Backpacking is considered to be a rough way to travel with high costs for good gear and many inconveniences. While true in some regards, there are ways to hack your travels to make life a bit easier on you. Here are ten items that you can use to make life on the road a bit easier. No high costs – you can find them all at Walmart. No added weight – they each weigh only a few ounces.
Your universal drain stopper can be used in just about any sink or tub. Stopping the drain allows you to pool water for washing clothes. Whether your lodging doesn’t have accommodations or they are just too expensive, you’ve got the answer in your pack.
Camping Clothes Line
If you’re washing clothes, you’ll also need a place to dry them. A basic bungee cord style camping clothes line allows you to hang your clothes just about anywhere: between two trees, between bed posts or even a couple of chairs. Clothes lines also come in handy for supporting a tarp to protect your hammock or sleeping bag from the dew or rain.
These small clips are invaluable when backpacking. Most travel packs will have an abundance of D-rings, straps or handles that you can clip your carabiner to, allowing you to attach nearly anything to your pack. If you’re swapping out shoes, tie your laces together and hang your old pair from your back. Got a water bottle? Slip it in a side pocket and secure it to a strap with a simple clip. It’s an easy and convenient way to carry your loose items that won’t quite fit into the pack itself.
Ziplock bags work well for storing items that you want to keep dry. Put your electronics in one before you travel to keep them from frying if you get caught in a rainstorm or drop your pack in a creek. Slip a sandwich in one for the road. Stuff your toiletries in them before boarding an airplane to get them through security and avoid spilling soap and toothpaste on your pack’s contents should it spill. The uses are endless!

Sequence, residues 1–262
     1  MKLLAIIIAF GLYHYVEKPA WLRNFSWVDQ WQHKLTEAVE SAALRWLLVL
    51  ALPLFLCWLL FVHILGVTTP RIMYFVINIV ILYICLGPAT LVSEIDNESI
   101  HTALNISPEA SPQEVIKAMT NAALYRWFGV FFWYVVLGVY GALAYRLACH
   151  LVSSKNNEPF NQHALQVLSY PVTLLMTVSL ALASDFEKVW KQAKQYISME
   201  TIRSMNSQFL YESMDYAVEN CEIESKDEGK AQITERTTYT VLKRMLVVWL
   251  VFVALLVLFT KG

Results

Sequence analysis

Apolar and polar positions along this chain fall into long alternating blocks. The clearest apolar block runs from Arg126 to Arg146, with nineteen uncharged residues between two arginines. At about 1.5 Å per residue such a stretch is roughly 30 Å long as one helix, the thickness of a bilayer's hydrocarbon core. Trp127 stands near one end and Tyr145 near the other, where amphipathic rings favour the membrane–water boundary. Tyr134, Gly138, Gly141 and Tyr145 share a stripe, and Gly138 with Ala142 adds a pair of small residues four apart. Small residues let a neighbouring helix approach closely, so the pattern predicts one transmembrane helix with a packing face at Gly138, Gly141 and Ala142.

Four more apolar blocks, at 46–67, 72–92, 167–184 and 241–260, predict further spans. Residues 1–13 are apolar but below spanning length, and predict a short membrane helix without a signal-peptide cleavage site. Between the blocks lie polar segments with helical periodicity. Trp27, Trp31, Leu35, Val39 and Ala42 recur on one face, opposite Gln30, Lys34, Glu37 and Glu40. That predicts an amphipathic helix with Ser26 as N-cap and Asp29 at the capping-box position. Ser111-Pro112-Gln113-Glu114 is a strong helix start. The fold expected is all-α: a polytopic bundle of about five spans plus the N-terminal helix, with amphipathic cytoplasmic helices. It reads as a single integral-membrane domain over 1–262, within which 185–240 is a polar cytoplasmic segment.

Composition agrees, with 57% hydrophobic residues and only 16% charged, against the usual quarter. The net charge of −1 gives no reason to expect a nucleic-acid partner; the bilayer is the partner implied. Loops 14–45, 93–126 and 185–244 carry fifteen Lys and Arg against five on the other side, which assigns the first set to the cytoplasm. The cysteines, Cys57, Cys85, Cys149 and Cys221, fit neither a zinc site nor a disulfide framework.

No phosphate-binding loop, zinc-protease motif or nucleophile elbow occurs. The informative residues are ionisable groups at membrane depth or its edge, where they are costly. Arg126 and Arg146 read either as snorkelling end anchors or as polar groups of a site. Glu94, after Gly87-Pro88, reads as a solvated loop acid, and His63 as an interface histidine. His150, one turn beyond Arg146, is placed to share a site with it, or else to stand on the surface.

Backpacking is difficult for many people because they want to pack everything they normally would in a large, 50lbs suitcase into a backpack. If you have to cut down on the amount of clothes you bring, you have to aim for versatility. What items can be paired with any of the other articles of clothing I bring? Under Armour is light and packs small while still bringing that added layer of warmth without the bulk of a jacket.
Camp Utensil Set
When traveling, food is a big concern. Many tourists or vacationers will just go out to eat. The backpacker, on the other hand, must often buy his/her own food. Buying food on the road means you’re also stuck figuring out plates/utensils. A simple camp utensil set will solve that problem for you.
Like Ziplock bags, garbage bags are tremendously helpful. With a few tears, one could be converted to a pancho during a downpour. Slip another over your pack and you’ll keep it dry as well. Heading into town for the day? Put your gear in a bag and toss it in the bushes near your campsite. People will think it’s trash if they find it and it’ll stay dry from any unexpected rains. They’re also quite helpful when you need to pack that muddy pair of shoes in the same bag as your clean clothes.
Just as strong as duct tape, but more versatile, athletic tape allows you to patch leaky tarps, brace sprained ankles or any number of other hacks. It also packs smaller, allowing you to take more tape per role.
Everyone knows you can’t take a knife on an airplane unless you check your bags. If you’re carrying your backpack on the plane, that’s out of the question. On the road, however, a pocket knife can be invaluable. Of course, you can purchase a knife once you get to your destination. However, an alternative should that option not be available is to bring a pair of nail clippers. Passable through security and incredibly sharp, they can be used to cut bits of string, tape, cloth or plastic. Though they might take a bit longer, they’ll get the job done.
Finally, pick up a padlock. Look for one with a large loop but a medium sized latch. This will give you maximum versatility when securing your possessions in a hostel’s locker, locking your zippers together or simply lashing it all to a bed post.